Writer-director Amata made this film three years ago, then reworked it to add the L.A. sequences in an effort to make Nigeria's struggle feel more current in the context of global activism. This works to an extent, as it stirs the hot topic of terrorism into the mix. But the big action set pieces are directed and edited in a choppy way that feels undercooked. The story of desperate political activism amid heavy-handed corruption is compelling, but it's watered down by some rather soapy interpersonal plot points. Still, the film remains involving, a powerful tale of little guys standing up to forces much bigger than themselves simply in the name of what's right.
Continue reading: Black November Review
It's taken nearly 10 years for filmmaker Robert Rodriguez and graphic novelist Frank Miller to get around to making this sequel, but it was worth the wait because the technical advancements make this second triptych of stories even more visually stunning, and the emotional resonance is even stronger. This is a lean, mean noir thriller that doesn't waste a single moment as it rips through three interlocking plots that centre on revenge for the events of the first movie.
Two people are out to get even with the ruthlessly nasty politician Roark (Powers Booth). Watched over by the hulking Marv (Mickey Rourke), gun-toting stripper Nancy (Jessica Alba) is still heartbroken after Roark killed her beloved Hartigan (Bruce Willis), who appears to her as a ghostly apparition. And Johnny (Joseph Gordon-Levitt) is determined to bring Roark down by humiliating him at his own high-stakes poker game, even though merely having uncanny good luck might not be enough. But the main story centres on private eye Dwight (Josh Brolin), who is stopped in his tracks when he encounters his old flame Ava (Eva Green), a bombshell who has power over most men she meets. She asks for help with a domestic problem, and Dwight is powerless to walk away even though he knows something is fishy.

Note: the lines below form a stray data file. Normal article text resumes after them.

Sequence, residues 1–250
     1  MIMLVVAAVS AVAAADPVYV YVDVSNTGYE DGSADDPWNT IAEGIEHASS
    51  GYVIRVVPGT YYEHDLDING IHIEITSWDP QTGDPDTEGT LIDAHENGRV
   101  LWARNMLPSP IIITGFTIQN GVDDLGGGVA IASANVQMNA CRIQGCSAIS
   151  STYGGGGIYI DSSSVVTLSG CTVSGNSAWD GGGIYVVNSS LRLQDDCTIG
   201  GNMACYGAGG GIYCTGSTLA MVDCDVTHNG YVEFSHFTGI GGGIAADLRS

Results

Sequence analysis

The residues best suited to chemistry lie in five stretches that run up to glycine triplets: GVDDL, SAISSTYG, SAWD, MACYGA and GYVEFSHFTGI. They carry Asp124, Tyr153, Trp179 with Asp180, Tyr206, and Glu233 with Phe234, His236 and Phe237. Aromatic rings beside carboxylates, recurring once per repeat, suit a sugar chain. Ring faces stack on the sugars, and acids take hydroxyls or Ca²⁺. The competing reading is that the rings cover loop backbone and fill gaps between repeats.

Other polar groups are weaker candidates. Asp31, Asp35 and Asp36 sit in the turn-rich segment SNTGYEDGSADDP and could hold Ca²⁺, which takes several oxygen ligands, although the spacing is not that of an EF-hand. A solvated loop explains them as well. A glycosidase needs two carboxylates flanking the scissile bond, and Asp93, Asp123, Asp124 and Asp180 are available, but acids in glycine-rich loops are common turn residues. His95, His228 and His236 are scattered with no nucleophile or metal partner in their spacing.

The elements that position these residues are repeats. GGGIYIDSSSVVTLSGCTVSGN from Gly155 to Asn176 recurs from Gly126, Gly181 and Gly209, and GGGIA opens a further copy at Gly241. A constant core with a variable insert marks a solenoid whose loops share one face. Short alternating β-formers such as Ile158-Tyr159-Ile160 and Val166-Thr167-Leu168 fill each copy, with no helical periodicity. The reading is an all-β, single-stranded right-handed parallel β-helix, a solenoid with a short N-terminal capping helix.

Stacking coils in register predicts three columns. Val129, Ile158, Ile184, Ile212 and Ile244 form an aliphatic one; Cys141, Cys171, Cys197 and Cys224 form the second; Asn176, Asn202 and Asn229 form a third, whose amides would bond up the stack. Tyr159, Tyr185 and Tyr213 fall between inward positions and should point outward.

As before, these stories unfold exactly as they would in a graphic novel, with blunt dialogue and strikingly visual imagery black and white that's spotted with flashes of colour. Aside from Ava's blue coat, that colour is usually red: hair, nails, lips, but not blood, which splashes in glaring white. It looks fantastic in (ahem) eye-popping 3D. And it's fiercely violent as death hovers around the residents of Basin City, especially the lawless Old Town district. But there's just as much emphasis on surging passion, including some surprisingly graphic sexuality that plays up how helpless men are around a scantily clad woman. Indeed, it's rare to see an action film in which the women are so resolutely in charge.
Continue reading: Sin City: A Dame to Kill For Review
Mickey Rourke - Stars turned out on mass for the Premiere of 'Sin City: A Dame To Kill For' directed by Robert Rodriguez and Frank Miller - Arrivals - Los Angeles, California, United States - Wednesday 20th August 2014